Tuesday, 28 February 2012

Ex-Pats.


I was reminded by a friend recently that the very words 'Ex Pat' conjure up pictures of braying retirees, sipping gins and tonic, whilst filling-in the crossword of a week-old copy of The Times through a be-monocled eye. And, of course, his picture is absolutely correct; we're all exactly like that!

Ex-Pats tend to be viewed suspiciously by the natives of their chosen anchorage. They often speak little of the language (just enough to order their gins and tonic), have no interest in local culture, and build up huge circles of English-speaking chums; regardless of suitability.

I'm often asked by fellow Englishmen 'Do you know Bingo and Fizzy or Rupert and Bunty?'. Of course I don't, and I'm always dying to reply by asking 'Do you know Fran├žois and Jeannette?', but my question would be as pointless as theirs.

There are many reasons why people chose to live abroad; top of the list is probably the combination of limited finance and anticipated superior lifestyle. Personally I'm pleased to say that I'm here simply because I LOVE France, and it was always an ambition of mine to settle here since my first visit aged about 10. However, I quite expect that most just come for the croissants and cheap wine; and why not?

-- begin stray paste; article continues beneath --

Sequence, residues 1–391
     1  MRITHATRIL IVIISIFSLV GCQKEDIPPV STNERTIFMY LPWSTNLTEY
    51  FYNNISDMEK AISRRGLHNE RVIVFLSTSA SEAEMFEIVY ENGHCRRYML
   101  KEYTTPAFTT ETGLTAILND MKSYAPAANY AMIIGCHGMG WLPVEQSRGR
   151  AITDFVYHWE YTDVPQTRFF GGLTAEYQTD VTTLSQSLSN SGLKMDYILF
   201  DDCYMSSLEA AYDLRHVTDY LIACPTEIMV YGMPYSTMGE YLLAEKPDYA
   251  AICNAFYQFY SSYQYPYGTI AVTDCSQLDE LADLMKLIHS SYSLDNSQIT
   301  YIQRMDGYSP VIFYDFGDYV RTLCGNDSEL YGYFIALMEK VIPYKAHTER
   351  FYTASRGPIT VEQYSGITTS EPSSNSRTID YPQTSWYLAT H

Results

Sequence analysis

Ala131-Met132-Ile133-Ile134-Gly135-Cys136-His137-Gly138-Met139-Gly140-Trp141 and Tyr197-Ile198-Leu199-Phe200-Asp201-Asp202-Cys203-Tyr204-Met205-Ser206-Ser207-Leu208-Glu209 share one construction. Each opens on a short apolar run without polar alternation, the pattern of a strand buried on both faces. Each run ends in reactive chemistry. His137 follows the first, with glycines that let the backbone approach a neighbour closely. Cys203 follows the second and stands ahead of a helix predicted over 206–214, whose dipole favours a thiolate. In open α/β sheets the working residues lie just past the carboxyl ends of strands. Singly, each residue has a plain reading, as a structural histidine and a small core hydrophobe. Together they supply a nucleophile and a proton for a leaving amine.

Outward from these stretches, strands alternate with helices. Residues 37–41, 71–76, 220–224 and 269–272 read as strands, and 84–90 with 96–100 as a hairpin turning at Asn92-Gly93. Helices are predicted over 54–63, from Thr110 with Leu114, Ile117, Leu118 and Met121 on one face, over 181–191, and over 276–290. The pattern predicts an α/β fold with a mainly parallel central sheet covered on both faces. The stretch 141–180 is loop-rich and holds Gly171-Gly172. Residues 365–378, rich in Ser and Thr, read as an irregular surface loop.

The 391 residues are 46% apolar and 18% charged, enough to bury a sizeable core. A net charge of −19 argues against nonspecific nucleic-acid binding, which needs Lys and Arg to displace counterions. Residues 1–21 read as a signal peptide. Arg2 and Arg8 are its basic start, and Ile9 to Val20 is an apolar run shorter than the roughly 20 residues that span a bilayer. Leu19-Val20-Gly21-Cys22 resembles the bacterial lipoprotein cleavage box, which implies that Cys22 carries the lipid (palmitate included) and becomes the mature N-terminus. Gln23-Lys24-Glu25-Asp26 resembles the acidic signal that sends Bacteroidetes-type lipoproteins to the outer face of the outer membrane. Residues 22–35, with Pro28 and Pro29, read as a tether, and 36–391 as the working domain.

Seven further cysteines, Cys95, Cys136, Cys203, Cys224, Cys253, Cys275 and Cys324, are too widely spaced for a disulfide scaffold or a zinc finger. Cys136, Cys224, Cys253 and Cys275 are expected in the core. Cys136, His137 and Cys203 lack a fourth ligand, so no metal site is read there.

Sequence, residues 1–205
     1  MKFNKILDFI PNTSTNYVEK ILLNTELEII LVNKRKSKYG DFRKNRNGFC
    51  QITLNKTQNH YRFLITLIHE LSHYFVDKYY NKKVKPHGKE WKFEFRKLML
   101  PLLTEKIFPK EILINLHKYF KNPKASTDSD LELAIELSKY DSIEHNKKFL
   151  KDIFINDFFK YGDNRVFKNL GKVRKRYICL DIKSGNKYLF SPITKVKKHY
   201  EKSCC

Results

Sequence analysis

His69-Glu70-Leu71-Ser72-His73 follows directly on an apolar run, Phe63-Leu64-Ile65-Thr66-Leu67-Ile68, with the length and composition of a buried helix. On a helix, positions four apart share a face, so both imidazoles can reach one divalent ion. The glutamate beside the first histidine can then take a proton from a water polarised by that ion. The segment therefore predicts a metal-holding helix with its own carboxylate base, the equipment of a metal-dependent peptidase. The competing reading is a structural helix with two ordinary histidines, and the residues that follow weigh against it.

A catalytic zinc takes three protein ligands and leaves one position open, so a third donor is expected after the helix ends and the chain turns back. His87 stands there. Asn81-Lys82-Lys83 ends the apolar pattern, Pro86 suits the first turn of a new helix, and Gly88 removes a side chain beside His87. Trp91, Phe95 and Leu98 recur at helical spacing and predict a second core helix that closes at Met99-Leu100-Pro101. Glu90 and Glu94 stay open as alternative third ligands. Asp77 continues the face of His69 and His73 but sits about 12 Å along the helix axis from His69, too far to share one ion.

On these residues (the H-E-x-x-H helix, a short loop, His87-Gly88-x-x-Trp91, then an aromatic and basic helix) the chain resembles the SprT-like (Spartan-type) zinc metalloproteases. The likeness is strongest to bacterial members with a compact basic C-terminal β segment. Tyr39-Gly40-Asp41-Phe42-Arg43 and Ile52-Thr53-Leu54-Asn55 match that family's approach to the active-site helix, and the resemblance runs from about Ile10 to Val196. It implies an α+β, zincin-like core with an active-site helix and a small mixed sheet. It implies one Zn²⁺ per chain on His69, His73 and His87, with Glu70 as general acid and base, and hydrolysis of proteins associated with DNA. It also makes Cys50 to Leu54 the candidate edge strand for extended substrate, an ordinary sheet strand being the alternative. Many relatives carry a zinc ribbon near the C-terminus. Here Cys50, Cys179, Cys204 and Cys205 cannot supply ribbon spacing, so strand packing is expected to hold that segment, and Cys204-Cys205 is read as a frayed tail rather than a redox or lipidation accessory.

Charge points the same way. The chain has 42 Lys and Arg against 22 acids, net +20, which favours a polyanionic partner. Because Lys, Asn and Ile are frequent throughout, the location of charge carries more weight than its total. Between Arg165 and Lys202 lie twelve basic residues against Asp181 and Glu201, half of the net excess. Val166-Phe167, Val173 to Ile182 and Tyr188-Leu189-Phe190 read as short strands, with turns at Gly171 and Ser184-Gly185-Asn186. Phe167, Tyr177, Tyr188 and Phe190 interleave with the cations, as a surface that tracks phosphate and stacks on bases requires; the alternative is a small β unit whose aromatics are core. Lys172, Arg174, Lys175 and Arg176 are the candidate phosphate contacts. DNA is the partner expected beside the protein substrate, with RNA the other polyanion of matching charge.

Gaston; I'll ave my jeen-tonique now please. CHEERS.

19 comments:

  1. I can be sitting in a French cafe watching the world go by and I just cringe when I hear that English bray! Why are a certain class of ex-pats so loud?

    We bought our French house (nearly 15 years ago) because we loved the beautiful rural countryside, the solitude, and the warmth of the local people. We are the only English people in our hamlet and our neighbours are kind and generous and tolerate our execrable attempts at their language. I think we get on with them because we have a lot in common – drinking wine and growing veg!

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    1. I'm sure you must have experienced Prayssac market in the Summer... dreadful... braying at its worst.

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  2. That's exactly the place I was thinking of!

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    1. We once came across a big kilt-wearing man, shouting about how the French knew nothing about Asparagus... we ran and hid.

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  3. I too have wanted to live in France since my first visit there aged 15, ditto Keith, but we haven't managed it yet.
    Watch that monocle - it will play havoc with the wrinkles round your eye. ;)